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    Having lived in both spots (Oregon and now Utah), I'm kinda agreeing that you should head south. I head back to ride in OR w/ my brothers at least once a year, and I don't know that we have anything that compares to Sandy Ridge in the SLC area. Certainly nothing that compares to Blackrock.

    There are some great pedal rides in the PC area, but I wouldn't call it destination riding, at least based on the Oregon trails you've described. You'll be pretty bored from a downhill/tech standpoint with Glenwild/Flying Dog/Mid-Mountain. Good exercise rides that are entertaining enough, but ... Canyons is kinda fun for an afternoon, Deer Valley also, but you wouldn't travel here to ride them IMO. Arcylon may be our most "Blackrock-like" trail, but it is short. Bobsled is 5 minutes of a whole lotta fun, but it's only 5 minutes ...

    My Oregon relatives do love Wasatch Crest, though. Yeah, we shuttle it. Fun to ride mostly downhill for 15 miles. I prefer the Guardsman to Mill D route (Big Cottonwood canyon). Kinda like MRT from a tech standpoint (pretty smooth trail w/ some rocky sections worked in), but a lot faster. Beautiful views and such, too. Great trail, despite how hectic it can get.

    Don't get me wrong -- the local riding is great for local riding. Tons of variety, all within a pretty close area (30 min drives). But I don't know if its worth the trip. Moab, on the other hand, is probably not like anything you've ridden, unless you've ridden Moab! TWE, Ahab, Amasa, those will get your heart rate going, and not just due to physical exertion. That's where I'd be headed if you're gonna drive this far, at least based on the description of trails you like to ride in Oregon.

    Incidentally, I'm headed out in late March to ride in the PDX area (yeah, I know, March isn't great to ride in Oregon, but it coordinates with my brother's spring break, so ...). We usually hit Sandy Ridge, Black Rock, maybe MRT if the snow is gone (how's it looking this year?). What is this Alsea Falls? Is it in the Corvallis area? Any other 'new stuff' that must be explored? (or, I can just google, I guess!).
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    Going to Utah and not hitting Moab=fail.

    After some more thought I would strongly urge you to go to Moab, if not for the sole purpose of riding the Whole Enchilada. The vertical, views, and variety of terrain you cover is insane.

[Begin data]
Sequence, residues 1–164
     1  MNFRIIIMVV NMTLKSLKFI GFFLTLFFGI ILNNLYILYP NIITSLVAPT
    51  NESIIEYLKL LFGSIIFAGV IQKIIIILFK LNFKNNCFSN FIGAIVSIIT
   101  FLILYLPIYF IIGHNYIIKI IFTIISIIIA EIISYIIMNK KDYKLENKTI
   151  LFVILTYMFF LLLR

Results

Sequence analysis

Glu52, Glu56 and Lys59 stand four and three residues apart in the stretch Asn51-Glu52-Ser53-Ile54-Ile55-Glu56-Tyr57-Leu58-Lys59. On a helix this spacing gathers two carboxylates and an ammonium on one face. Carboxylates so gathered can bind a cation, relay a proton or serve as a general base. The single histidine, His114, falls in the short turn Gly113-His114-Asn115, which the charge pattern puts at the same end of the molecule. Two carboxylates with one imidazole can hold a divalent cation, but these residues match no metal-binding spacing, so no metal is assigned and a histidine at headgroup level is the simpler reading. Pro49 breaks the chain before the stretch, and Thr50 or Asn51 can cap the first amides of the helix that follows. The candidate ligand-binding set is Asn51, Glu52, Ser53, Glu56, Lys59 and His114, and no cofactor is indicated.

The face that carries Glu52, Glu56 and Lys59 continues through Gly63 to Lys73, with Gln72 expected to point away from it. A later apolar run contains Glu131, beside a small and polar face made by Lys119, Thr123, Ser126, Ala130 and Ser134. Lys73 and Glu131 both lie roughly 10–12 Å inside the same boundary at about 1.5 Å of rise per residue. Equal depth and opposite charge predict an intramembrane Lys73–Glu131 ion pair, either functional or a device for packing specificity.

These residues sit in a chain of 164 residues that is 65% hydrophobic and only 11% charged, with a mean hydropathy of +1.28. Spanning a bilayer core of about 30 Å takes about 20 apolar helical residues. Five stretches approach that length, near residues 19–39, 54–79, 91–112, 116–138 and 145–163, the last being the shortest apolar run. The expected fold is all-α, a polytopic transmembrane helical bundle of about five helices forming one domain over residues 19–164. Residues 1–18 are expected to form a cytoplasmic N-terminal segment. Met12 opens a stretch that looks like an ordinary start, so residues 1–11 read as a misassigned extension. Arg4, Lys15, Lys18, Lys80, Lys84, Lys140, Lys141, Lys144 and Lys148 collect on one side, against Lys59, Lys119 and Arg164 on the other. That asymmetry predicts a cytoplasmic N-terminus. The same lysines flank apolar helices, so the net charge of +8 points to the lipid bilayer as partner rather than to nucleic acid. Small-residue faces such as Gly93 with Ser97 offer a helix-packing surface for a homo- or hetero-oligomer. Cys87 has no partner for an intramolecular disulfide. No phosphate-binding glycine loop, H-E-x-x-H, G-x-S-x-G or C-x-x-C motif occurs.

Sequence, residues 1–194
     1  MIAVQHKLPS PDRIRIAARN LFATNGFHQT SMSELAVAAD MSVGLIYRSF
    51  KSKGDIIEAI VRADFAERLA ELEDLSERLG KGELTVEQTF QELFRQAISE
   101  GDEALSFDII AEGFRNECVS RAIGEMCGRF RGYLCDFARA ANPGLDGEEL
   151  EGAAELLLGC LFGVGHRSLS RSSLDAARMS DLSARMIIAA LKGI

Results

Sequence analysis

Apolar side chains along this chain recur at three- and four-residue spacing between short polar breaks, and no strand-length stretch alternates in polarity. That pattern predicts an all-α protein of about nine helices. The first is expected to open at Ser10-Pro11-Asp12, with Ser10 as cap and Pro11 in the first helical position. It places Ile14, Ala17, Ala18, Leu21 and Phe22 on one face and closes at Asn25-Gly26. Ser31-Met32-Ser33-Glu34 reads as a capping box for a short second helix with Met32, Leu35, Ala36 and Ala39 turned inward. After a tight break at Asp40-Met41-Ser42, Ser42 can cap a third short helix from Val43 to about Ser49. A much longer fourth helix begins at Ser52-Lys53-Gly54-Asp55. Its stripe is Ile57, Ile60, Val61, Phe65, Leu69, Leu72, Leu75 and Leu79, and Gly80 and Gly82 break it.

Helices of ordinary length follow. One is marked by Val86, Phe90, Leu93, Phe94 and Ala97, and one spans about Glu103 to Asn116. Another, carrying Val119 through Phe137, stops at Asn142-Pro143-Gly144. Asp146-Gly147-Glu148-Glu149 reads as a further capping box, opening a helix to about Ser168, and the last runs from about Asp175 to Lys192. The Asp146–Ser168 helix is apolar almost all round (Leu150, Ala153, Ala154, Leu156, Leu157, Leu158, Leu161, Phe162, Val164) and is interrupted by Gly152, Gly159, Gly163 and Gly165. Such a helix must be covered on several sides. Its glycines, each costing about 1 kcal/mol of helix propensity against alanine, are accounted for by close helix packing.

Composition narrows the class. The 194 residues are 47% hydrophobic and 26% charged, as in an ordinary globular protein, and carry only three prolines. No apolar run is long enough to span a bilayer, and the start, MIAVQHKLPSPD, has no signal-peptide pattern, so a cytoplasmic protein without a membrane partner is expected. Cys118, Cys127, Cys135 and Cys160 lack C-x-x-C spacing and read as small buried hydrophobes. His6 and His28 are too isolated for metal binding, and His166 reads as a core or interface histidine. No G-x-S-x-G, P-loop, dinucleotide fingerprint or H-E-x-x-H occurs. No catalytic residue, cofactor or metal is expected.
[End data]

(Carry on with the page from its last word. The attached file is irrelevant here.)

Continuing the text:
Make sure you get a shuttle that takes you to the top most drop off(geyser pass) which accesses the Burro Pass section. Lots of people get dropped at lower sections and claim they have ridden TWE...they have not. The Burro pass section is one of the best parts of the trail starting high up in the alpine.

    A lot of times especially early season and late October shuttles will only be running to Lower sections due to snow and mud. It is worth it to hold out till the upper sections are clear in order to ride the whole thing.

    I would go as far as to say The Whole Enchilada (the whole thing, pedaling from Geyser pass up and over Burro pass) is IMO one of the best if not THE best trail in North America...thats taking into account trails in Colorado,California,Oregon,Washington, BC, and Alberta.

    I would suggest coming out in September when temps start to cool.

  22. #22
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    Quote Originally Posted by dmar123 View Post
    I would go as far as to say The Whole Enchilada (the whole thing, pedaling from Geyser pass up and over Burro pass) is IMO one of the best if not THE best trail in North America...thats taking into account trails in Colorado,California,Oregon,Washington, BC, and Alberta.

    I would suggest coming out in September when temps start to cool.
    I haven't ridden every trail, but TWE is my favorite trail in all of existence as well. Such an incredible variety of terrain, combined with the length, natural obstacles, and the fact that it is mostly all downhill. Agreed it would be a shame to come to Utah and not ride it.